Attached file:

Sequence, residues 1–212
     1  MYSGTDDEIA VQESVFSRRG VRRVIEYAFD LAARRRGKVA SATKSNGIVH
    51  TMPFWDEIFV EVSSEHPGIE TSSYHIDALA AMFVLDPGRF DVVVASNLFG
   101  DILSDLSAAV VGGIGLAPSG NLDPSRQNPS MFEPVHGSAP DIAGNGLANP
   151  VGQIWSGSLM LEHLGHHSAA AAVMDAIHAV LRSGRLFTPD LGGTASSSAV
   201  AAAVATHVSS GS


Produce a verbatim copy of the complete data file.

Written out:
Sequence, residues 1–212
     1  MYSGTDDEIA VQESVFSRRG VRRVIEYAFD LAARRRGKVA SATKSNGIVH
    51  TMPFWDEIFV EVSSEHPGIE TSSYHIDALA AMFVLDPGRF DVVVASNLFG
   101  DILSDLSAAV VGGIGLAPSG NLDPSRQNPS MFEPVHGSAP DIAGNGLANP
   151  VGQIWSGSLM LEHLGHHSAA AAVMDAIHAV LRSGRLFTPD LGGTASSSAV
   201  AAAVATHVSS GS